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Sell More Cds at Shows By Not Naming the Price

I recently posted about discovering a wonderful band called Arizona. I found them while attending PopAsheville in January and I wrote - “I was invited to give the keynote speech this year. I spent an hour reminding the musicians in attendance that they are no longer in the music business, they are in the T-shirt business and they all seemed to agree. They also agreed that the music industry is not hurting, it’s the cd business that is in decline.” The whole post is here.

I am not being facetious when I say that bands are in the T-shirt business as I believe very strongly that as music slips down to zero in dollar value then artists must move quickly to find different ways to make money from their art. [The ‘value’ of music is based more than ever these days in emotion and much less in dollars.] Those slides below are from my presentation. Its the part where musicians begin to squirm, especially the ones who haven’t grasped the notion that free really works. In another part of the presentation I discuss the idea of increasing CD and T-shirt sales at shows by never having prices posted for each item at the point of sale or “merch” table. My thinking here is that those fans that really like the band and are leaning towards buying will ask what the price of a CD is. And the answer should be “how much do you want to pay?” I guarantee that the answer will be somewhat along these lines - “I only have $4,” “I’d like to give you $10,” “You guys were great, here’s $20,” “I have no money.” You should sell your CD at those prices to all of those folks and give one to the guy with no money. They will never forget the experience they had and they will tell their friends that you are the coolest band on earth for doing that.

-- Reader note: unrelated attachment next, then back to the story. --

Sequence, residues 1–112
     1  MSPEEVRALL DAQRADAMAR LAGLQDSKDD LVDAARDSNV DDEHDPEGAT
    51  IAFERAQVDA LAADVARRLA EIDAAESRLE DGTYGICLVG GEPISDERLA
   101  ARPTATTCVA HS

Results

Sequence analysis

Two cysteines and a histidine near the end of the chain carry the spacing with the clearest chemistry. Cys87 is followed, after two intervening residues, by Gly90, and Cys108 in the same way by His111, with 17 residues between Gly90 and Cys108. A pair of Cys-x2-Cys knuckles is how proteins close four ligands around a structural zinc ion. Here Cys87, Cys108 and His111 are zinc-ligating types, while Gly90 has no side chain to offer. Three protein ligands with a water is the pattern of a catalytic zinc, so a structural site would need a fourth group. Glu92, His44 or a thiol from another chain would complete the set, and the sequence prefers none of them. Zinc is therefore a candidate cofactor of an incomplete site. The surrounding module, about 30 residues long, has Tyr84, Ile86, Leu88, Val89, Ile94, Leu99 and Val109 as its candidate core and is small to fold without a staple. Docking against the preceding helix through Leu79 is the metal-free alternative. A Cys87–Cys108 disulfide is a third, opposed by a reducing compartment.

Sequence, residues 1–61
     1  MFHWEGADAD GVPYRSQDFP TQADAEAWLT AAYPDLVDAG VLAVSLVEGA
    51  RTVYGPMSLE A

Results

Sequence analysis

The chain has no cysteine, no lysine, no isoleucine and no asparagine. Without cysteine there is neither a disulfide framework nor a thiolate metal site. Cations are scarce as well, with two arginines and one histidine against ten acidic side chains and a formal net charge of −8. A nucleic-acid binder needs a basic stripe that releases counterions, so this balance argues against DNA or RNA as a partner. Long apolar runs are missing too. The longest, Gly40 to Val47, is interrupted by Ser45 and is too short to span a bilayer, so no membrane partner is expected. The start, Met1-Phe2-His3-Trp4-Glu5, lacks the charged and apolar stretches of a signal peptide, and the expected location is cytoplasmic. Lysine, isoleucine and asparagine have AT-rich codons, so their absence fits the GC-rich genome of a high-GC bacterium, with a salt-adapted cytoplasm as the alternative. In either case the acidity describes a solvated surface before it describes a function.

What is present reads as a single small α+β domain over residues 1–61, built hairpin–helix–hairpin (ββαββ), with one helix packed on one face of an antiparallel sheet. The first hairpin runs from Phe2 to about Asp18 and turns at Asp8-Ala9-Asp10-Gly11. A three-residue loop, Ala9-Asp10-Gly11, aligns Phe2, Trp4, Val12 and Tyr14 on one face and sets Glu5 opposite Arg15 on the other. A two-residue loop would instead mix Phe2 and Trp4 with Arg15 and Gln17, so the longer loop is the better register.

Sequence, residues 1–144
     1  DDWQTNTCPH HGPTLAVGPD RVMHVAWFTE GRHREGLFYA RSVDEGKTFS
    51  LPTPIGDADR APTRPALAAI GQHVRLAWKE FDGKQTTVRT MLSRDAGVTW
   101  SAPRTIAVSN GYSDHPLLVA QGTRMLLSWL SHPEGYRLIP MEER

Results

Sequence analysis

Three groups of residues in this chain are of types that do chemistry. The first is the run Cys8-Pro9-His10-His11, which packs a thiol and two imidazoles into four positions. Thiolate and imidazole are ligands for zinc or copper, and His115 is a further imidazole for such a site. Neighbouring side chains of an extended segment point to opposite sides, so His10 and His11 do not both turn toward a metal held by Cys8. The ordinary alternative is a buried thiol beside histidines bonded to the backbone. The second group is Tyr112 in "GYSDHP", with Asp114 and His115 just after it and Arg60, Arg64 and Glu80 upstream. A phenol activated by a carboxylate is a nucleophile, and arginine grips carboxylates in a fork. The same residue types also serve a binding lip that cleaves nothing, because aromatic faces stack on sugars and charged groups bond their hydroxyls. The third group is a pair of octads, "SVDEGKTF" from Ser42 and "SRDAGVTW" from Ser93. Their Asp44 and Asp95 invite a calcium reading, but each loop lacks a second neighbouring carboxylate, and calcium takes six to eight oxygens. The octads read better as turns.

I know you think I’m crazy, yet one of the bands who attended the conference and heard me speak gave it a try at there next show. They are called Violet Vector and the Lovely Lovelies - and it worked - see below. And for you doubters out there I’m sure if you click through that link to the band’s MySpace you can message them directly.

From: amanda.brooks@xxxxxxxxx [Edited of course]

Subject: Re: Hi Amanda Date: February 9, 2009 7:37:52 AM PST To: daveallen [at] Hi

Dave!!! This weekend we played our first show since popAsheville and were able to test out your merch idea of not putting prices on anything. I am writing to tell you that it totally works. People were giving us $10 and $20 for the 5 song EP we usually sell for $5. We just had a sign that said “Name yr. own price!” and people totally rocked because they actually wanted to give us more. You were right! I will never price our stuff again!!! Amanda

There are many interesting comments to this article on my blog too. Here’s the link.

Reader Comments (17)

I'd love to read this but the formatting is all messed up. Help?

February 12 | Unregistered CommenterTRMW

That was my fault actually! Used Safari and it screwed it all up but switched to FFox to edit and it looks fine now yes?

February 12 | Registered CommenterDave Allen